Aragon junior Blaine Reynolds made enormous strides this season.

As a sophomore in 2018, Reynolds enjoyed a noteworthy though unremarkable varsity cross-country debut. Of the Peninsula Athletic League’s three regular-season meet, he enjoyed his best finish of any individual race all year, taking third place.

This season was a different story, however, as all Reynolds did was — How does the song go? — win, win, win, no matter what.

“This particular year was a major jump for him,” Aragon head coach Frank Hunt said.

A junior with the Aragon boys’ cross-country team, Reynolds improved his pace by 13 seconds per mile from 5 minutes, 29 seconds to an average of 5:16. The spike, he said, was largely a result of running competitively year-round for the first time in his life.

Reynolds also enjoyed a major jump competitively. After a sophomore season in which he took fourth place at the Peninsula Athletic League cross-country championships, he emerged Nov. 9 as the 2019 PAL boys’ champion, racing to a dramatic finish at the Crystal Springs Cross-Country Course for a time of 15:39, picking off Carlmont sophomore Aidan Dimick at the finish line by one second.

“Winning the PAL championship and the close finish was definitely the highlight,” Reynolds said.

Now, on the heels of capping one of the best seasons in the history of Aragon cross-country, Reynolds has been named the Daily Journal Boys’ Cross-Country Runner of the Year.

What a dominant year it was. Of the PAL’s three regular-season races, Reynolds won two of them, including a primer for his rivalry with Dimick. When the two went head-to-head at PAL No. 1 on Sept. 17, Reynolds topped Dimick by a fraction of a second.

Then came the PAL championships when Reynolds proved to be quite the comeback kid.

“I really do like running away from the competition but that doesn’t happen very often because there’s always someone there who competes,” Reynolds said. “But I do like winning close finishes because I’m very competitive and I like being able to run with whoever I can through the last stages of the race.”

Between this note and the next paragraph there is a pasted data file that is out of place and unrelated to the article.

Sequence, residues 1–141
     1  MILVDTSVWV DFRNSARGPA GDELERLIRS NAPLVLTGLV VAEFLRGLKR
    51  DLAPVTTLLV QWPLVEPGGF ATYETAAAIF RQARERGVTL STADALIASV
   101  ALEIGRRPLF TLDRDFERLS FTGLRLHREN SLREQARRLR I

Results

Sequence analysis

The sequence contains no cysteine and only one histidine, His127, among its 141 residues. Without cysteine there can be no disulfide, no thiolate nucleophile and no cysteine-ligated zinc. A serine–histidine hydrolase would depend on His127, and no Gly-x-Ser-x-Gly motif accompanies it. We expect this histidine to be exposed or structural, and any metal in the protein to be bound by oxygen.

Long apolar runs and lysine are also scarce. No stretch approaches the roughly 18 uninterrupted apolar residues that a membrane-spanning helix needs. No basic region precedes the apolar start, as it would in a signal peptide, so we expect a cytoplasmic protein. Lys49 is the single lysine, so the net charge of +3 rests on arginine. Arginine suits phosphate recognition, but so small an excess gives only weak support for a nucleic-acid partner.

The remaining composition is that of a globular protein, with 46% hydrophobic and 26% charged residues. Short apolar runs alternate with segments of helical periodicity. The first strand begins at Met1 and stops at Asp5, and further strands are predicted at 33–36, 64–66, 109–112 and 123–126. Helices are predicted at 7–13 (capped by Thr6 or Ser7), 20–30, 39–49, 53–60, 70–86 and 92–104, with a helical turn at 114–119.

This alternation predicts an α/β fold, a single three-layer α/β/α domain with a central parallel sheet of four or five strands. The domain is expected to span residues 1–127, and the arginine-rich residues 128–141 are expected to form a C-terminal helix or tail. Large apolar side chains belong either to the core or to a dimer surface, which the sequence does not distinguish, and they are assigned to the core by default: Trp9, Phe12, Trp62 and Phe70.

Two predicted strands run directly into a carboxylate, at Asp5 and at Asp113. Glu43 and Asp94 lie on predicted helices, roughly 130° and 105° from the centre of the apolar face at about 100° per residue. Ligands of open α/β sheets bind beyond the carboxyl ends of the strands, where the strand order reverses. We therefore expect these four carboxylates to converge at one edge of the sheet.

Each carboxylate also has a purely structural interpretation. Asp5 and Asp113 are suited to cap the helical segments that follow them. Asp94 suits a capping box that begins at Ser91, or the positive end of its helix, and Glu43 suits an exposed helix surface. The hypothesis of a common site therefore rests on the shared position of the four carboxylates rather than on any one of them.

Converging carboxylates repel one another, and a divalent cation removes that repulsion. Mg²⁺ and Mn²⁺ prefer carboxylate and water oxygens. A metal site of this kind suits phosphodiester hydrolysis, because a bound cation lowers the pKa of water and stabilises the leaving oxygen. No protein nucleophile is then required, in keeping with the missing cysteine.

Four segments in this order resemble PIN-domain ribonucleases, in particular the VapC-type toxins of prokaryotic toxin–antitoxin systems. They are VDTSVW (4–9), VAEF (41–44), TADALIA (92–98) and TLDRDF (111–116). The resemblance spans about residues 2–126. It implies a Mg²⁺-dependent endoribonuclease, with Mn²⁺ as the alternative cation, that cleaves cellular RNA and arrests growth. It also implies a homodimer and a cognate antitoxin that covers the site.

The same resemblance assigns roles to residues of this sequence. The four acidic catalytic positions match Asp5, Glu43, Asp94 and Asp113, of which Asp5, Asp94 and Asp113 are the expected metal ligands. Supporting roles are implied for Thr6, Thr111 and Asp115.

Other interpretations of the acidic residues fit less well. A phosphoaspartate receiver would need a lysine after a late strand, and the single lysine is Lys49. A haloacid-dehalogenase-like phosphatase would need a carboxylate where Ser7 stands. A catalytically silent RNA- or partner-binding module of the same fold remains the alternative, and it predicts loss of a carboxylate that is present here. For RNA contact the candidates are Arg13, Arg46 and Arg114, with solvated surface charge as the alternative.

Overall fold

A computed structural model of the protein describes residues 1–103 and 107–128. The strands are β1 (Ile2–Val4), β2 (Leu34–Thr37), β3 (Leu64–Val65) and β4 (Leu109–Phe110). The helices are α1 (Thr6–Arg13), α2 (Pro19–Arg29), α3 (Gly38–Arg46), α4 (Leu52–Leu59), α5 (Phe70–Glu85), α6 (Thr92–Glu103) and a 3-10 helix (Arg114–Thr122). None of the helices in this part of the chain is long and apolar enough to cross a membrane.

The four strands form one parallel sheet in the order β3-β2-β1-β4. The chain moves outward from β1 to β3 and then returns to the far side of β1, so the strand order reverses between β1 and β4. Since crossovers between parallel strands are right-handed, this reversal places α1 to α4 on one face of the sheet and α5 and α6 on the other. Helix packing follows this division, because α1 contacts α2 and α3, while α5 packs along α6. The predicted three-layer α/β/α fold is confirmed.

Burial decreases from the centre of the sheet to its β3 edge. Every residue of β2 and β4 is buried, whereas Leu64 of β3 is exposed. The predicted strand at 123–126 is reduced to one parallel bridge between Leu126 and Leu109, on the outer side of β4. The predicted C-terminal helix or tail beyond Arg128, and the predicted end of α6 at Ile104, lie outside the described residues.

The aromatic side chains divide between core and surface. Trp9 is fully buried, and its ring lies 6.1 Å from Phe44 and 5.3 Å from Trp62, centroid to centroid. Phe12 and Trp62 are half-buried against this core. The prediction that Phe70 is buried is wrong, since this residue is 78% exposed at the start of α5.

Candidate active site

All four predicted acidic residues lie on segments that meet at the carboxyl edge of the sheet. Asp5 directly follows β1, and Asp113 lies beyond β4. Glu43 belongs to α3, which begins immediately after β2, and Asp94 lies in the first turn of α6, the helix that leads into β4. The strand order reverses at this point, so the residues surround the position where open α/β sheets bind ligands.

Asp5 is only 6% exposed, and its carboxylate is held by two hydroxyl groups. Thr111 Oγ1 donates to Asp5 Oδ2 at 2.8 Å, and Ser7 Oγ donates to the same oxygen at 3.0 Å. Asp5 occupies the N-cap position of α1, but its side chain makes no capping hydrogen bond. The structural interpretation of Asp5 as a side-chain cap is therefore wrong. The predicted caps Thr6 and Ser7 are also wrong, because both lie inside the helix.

Reynolds is accustomed to running out front. He could only recall one other high school race he overcame the leader down the stretch, and that came last track-and-field season in the 3,200 meter race in a dual meet with Sequoia. He ran down the win through the last 200 meters in that race.

Finishing is what Reynolds does best, according to Hunt. And while he trailed Dimick for a majority of the PAL championship race — not to be confused with drafting his opponent, as he actually had to make up quite a bit of ground during the last mile — Reynolds caught his Carlmont rival at the finish line and out-legged him by a step.

“And that’s probably one of his best traits is just his finish,” Hunt said. “And there’s no better race to show that than when he won by a step at the PAL championships.”

With his long, relaxed strides, Reynolds has run into rare company in the scope of Aragon history. The junior’s ninth-place finish in the Central Coast Section Division II championship qualified him for the CIF state meet for the second straight year. He now has a chance to become just the third boys’ runner in program history to do so, joining Rory Beyer (class of 2014) and Ryan McAuliffe (class of 2017) who did so four times.

The nuts and bolts of Reynolds’ junior season had all the makings of a breakout postseason. He ran of six different courses during the year. He recorded personal records on five of them: Golden Gate Park, Half Moon Bay, Woodward Park in Fresno, Bedwell Park in Mountain View and, finally Crystal Springs, where he competed four times and bested his PR in three of those races.

“Every course he’s run so far, he’s PR’d on,” Hunt said.

That includes Woodward Park at the CIF Division II state championship meet, where he placed 62nd with a time of 16:02.4. Among CCS runners, though, he had the fifth best time in the heat.

“I was pleased with my performance,” Reynolds said. “I did much better than I did last year and I felt like I ran a good race.”

A baseball enthusiast growing up, Reynolds started running cross-country competitively in sixth-grade at Borel Middle School. When he arrived at Aragon, he started taking running more seriously. It wasn’t until this past summer he began running on the summer club circuit with the iGreyhounds out of Menlo Park.

That, Hunt said, has made all the difference in Reynolds’ progress.

“Again, if he does the work in the summer for cross-country, there’s no doubt in my mind he’s going to improve again,” Hunt said. “I think the best is yet to come, no doubt.”

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